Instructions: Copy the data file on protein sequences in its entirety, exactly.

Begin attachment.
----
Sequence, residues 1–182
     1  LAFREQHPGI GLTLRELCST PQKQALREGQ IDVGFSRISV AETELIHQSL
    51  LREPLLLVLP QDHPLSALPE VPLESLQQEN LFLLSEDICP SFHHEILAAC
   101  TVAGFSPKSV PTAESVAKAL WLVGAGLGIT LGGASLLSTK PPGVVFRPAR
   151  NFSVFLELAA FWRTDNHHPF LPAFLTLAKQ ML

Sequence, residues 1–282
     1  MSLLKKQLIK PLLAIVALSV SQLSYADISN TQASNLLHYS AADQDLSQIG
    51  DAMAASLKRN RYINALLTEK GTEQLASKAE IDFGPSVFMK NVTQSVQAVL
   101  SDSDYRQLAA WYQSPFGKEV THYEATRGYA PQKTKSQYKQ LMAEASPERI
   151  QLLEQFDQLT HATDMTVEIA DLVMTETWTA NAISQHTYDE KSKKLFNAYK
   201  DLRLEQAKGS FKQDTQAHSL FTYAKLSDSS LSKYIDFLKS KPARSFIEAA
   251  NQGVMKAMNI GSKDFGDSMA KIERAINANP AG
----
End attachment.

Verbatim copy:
Sequence, residues 1–182
     1  LAFREQHPGI GLTLRELCST PQKQALREGQ IDVGFSRISV AETELIHQSL
    51  LREPLLLVLP QDHPLSALPE VPLESLQQEN LFLLSEDICP SFHHEILAAC
   101  TVAGFSPKSV PTAESVAKAL WLVGAGLGIT LGGASLLSTK PPGVVFRPAR
   151  NFSVFLELAA FWRTDNHHPF LPAFLTLAKQ ML

Sequence, residues 1–282
     1  MSLLKKQLIK PLLAIVALSV SQLSYADISN TQASNLLHYS AADQDLSQIG
    51  DAMAASLKRN RYINALLTEK GTEQLASKAE IDFGPSVFMK NVTQSVQAVL
   101  SDSDYRQLAA WYQSPFGKEV THYEATRGYA PQKTKSQYKQ LMAEASPERI
   151  QLLEQFDQLT HATDMTVEIA DLVMTETWTA NAISQHTYDE KSKKLFNAYK
   201  DLRLEQAKGS FKQDTQAHSL FTYAKLSDSS LSKYIDFLKS KPARSFIEAA
   251  NQGVMKAMNI GSKDFGDSMA KIERAINANP AG